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5G Transformation Hub

5G Advanced to Support Self-Powered Sensors

Passive IoT tech promises to improve coverage tenfold compared with RFID.

Huawei and China Mobile have conducted field tests of a passive Internet of Things (IoT) solution, which enables large numbers of sensors to transmit data without the need for batteries. Conducted in Chengdu, Sichuan province, China, the tests used a prototype 5G-Advanced network.

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Challenge

Traditional sensors require batteries, which are costly to maintain and replace, as well as being detrimental for the environment. Factories, mines, ports, and power plants want to connect large numbers of sensors to track the location and performance of their assets, but are looking for a solution that costs less than 10 U.S. cents and involves power consumption of just 100 uW per device, according to Huawei. While RFID tags are widely used to track inventory today, this wireless technology suffers from a small coverage area and strong self-interference. Huawei says employing RFID solutions is also time-consuming, labour-intensive and inefficient.

Solution

In the second quarter of 2022, Huawei and China Mobile conducted a field test of a passive IoT technology, which obtains energy from the surrounding environment. That means sensors can transmit data without batteries. The technology is designed to be deployed with 5G-Advanced networks, equipped with inter-site resource coordination and joint scheduling optimisation. As well as providing continuous regional coverage, 5G-Advanced networks can employ a simplified air interface to serve ultra-low-cost battery-free terminals.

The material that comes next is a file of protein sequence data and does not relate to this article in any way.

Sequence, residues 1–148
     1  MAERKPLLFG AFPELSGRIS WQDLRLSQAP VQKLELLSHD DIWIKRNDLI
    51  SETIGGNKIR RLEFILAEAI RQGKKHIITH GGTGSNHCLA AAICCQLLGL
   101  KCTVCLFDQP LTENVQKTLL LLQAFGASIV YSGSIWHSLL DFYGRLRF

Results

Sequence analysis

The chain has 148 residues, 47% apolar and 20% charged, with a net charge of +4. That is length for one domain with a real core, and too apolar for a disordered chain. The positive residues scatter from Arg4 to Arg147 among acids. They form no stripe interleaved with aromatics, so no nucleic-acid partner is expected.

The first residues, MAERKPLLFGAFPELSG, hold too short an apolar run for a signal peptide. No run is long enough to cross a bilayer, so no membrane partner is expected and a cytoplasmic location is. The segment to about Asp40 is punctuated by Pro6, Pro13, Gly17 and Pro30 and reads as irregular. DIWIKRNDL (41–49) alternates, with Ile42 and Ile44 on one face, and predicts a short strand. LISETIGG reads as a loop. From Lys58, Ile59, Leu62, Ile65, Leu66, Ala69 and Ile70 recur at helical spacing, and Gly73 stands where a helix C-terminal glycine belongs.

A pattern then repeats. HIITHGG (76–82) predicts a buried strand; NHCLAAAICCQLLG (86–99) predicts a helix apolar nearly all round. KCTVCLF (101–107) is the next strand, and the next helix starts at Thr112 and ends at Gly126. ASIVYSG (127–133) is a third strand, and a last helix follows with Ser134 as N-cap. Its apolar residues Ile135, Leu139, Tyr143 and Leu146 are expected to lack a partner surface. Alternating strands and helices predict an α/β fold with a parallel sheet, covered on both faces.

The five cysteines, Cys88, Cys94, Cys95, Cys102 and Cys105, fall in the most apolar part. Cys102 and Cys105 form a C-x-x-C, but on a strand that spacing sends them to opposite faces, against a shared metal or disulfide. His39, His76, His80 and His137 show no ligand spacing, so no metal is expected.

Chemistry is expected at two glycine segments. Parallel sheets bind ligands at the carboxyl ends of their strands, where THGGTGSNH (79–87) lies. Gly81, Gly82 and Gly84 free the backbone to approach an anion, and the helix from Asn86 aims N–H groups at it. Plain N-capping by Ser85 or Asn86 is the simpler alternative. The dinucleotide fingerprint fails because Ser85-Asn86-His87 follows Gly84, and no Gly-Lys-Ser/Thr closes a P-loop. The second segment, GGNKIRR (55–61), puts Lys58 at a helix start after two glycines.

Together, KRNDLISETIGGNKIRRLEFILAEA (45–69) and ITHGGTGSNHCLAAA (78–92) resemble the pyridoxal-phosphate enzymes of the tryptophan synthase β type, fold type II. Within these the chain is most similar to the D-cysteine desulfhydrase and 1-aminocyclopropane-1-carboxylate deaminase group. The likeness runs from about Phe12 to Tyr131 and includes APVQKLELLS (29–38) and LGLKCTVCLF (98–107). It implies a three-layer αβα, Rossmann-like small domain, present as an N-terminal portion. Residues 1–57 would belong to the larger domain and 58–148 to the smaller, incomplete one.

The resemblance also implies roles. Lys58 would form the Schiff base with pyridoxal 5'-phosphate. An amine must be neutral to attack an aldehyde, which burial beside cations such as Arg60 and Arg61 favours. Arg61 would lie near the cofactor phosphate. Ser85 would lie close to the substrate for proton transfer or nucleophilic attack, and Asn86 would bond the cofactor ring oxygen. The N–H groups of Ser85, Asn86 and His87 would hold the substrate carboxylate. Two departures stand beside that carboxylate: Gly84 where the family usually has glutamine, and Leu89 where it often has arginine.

Impact & Statistics

Huawei say the passive IoT solution it tested improved coverage tenfold compared with RFID. The test, which involved the collection of temperature and humidity data, found that a passive IoT base station supports a maximum reading distance of 235 metres

Wider Implications

Passive IoT technologies could make sensor networks far more economically viable, while dramatically increasing the efficiency of warehouse stocktaking and other industrial processes. The solution could be used to count 100,000 stock items in a warehouse with an accuracy of 99.99%. In the automobile industry, it could track materials across the whole manufacturing process from the workshop to the warehouse, the repacking and sorting area, and the production line. Such tracking to be conducted every hour automatically. In the animal husbandry sector, it could be used for remote automatic stocktaking and real-time temperature and movement monitoring of livestock. It would allow for battery-free sensors to be small and light enough to be worn comfortably by animals.

Stakeholders

Huawei, CMCC (China Mobile Communications Group Co., Ltd.)


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